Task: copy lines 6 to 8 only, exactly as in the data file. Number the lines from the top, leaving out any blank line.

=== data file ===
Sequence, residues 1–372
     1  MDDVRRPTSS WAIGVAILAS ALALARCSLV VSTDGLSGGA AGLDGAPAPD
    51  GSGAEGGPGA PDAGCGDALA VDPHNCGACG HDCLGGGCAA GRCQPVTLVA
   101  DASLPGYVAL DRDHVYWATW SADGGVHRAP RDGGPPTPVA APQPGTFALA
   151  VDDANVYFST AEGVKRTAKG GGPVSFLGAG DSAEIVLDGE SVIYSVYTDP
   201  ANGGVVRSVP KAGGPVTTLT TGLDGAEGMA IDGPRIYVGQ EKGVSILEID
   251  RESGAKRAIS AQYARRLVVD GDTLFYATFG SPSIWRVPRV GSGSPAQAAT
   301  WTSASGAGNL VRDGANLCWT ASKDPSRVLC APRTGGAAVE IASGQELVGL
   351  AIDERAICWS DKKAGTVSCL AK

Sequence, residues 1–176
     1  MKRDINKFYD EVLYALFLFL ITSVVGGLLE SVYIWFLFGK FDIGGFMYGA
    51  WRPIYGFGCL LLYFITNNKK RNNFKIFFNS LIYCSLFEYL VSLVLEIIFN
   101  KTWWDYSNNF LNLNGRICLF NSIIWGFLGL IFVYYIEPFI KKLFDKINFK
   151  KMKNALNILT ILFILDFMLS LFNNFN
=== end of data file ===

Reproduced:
   201  ANGGVVRSVP KAGGPVTTLT TGLDGAEGMA IDGPRIYVGQ EKGVSILEID
   251  RESGAKRAIS AQYARRLVVD GDTLFYATFG SPSIWRVPRV GSGSPAQAAT
   301  WTSASGAGNL VRDGANLCWT ASKDPSRVLC APRTGGAAVE IASGQELVGL